338: Drawing Arguments (Julie Maroh)

from Body Music, by Julie Maroh

                Julie Maroh’s Body Music includes an argument between friends. As the argument starts, they’re sitting in a modern-day Montreal park. The words stay modern as the friends get angrier, but the art shifts—from beer bottles and rumpled button-up t-shirts to Roman orators in the senate, medieval swordsmen bashing each other’s shields, and on through history. Since reading those pages, I keep thinking about the way I see myself when I’m talking. When I’m “defending” a point. When I’m arguing. Maroh writes what these characters are saying, but they draw how these characters are seeing themselves—the imagined poses they’re taking up.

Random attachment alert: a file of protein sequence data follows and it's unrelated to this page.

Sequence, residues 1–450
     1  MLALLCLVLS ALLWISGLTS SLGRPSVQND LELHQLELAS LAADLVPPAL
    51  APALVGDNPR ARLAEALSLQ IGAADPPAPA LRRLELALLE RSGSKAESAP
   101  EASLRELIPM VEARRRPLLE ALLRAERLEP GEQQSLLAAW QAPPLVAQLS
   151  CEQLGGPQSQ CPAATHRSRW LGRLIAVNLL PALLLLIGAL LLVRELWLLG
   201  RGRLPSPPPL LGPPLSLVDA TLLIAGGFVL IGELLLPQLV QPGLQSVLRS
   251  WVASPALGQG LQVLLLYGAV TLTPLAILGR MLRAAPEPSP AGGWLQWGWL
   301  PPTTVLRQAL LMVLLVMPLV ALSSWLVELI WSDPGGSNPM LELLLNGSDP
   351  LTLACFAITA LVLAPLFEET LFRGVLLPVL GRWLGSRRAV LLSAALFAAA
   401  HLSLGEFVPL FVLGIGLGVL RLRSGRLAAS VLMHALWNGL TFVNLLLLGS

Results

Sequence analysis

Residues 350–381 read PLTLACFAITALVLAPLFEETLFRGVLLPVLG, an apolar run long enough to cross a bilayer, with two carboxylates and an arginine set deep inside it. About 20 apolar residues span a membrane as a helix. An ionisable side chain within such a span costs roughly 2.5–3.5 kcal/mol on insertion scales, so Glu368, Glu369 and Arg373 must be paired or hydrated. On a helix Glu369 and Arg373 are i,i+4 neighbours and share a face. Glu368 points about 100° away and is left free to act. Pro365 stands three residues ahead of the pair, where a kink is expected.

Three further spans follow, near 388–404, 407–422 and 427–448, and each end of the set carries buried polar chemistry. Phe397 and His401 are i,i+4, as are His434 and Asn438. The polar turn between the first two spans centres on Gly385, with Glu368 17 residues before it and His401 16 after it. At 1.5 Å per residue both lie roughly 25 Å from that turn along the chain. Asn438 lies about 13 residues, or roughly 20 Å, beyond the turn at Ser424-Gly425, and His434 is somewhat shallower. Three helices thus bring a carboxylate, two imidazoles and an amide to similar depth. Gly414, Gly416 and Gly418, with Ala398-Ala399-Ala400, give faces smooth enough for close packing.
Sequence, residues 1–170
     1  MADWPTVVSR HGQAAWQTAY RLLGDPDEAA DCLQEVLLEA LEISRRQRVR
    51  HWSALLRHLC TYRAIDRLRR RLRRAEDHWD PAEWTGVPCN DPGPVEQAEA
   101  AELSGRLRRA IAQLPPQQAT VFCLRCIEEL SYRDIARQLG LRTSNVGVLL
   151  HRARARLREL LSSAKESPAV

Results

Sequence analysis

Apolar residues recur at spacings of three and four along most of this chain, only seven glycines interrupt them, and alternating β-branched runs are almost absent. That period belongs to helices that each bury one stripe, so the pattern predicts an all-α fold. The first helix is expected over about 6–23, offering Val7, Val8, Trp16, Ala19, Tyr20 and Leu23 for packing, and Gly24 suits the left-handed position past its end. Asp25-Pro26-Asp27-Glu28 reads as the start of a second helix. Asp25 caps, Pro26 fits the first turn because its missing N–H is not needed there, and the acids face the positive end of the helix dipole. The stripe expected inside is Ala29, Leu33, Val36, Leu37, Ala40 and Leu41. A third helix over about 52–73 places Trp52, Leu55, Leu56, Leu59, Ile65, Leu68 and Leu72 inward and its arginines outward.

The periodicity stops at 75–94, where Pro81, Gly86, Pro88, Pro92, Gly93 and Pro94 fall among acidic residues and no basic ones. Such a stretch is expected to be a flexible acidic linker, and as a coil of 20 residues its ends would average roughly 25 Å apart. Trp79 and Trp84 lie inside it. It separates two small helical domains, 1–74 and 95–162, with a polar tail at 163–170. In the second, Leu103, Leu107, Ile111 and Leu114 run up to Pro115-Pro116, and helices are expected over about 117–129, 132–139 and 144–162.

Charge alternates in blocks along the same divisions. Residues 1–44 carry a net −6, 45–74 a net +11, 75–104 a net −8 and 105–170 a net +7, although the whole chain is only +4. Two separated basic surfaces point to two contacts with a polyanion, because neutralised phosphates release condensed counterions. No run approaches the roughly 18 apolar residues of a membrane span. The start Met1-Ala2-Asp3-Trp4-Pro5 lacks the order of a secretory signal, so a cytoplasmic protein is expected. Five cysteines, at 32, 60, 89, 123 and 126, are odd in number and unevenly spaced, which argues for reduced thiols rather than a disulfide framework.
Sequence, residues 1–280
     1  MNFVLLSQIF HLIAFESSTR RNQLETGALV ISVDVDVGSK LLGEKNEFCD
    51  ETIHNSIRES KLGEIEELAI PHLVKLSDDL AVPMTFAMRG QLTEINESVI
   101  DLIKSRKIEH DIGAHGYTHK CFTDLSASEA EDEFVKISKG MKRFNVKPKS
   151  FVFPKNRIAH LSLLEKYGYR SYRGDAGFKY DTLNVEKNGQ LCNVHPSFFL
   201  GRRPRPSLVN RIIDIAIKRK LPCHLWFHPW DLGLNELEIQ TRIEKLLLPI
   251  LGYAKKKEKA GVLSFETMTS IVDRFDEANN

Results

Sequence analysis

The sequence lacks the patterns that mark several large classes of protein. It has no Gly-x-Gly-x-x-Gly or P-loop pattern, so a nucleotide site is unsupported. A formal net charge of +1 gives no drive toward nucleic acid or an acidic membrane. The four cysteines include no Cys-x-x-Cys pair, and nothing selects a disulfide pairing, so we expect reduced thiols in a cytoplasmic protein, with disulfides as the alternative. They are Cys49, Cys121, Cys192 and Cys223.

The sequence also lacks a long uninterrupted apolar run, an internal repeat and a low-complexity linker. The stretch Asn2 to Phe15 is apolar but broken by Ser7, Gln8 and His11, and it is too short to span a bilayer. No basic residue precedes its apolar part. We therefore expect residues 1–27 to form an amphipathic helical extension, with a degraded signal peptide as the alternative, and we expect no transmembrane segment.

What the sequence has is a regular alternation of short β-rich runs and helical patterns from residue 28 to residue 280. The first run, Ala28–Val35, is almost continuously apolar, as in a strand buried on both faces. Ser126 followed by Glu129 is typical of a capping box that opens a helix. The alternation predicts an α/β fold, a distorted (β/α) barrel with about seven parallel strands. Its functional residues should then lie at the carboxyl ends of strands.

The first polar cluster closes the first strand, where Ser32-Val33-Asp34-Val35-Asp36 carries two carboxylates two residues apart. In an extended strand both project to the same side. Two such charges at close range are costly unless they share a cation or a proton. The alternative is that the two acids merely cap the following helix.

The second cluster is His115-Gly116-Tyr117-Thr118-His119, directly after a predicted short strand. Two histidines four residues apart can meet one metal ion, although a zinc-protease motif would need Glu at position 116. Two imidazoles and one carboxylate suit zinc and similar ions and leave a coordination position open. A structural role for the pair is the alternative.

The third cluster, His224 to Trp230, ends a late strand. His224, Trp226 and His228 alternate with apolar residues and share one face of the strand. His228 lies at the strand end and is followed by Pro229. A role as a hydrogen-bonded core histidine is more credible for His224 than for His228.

Earlier today I had a long conversation with my brother, a conversation that sometimes drifted toward an argument. With Maroh next to me, I found myself noticing what he was saying, what I was saying, what I wanted to be saying—and the flavor that went along with all of those. There are listens like chili mangoes and listens like cool spring water and listens as metallic as a spoon. Maroh reminds me: what are the tastes of these words? What are the scenes I’m shaping this moment into?

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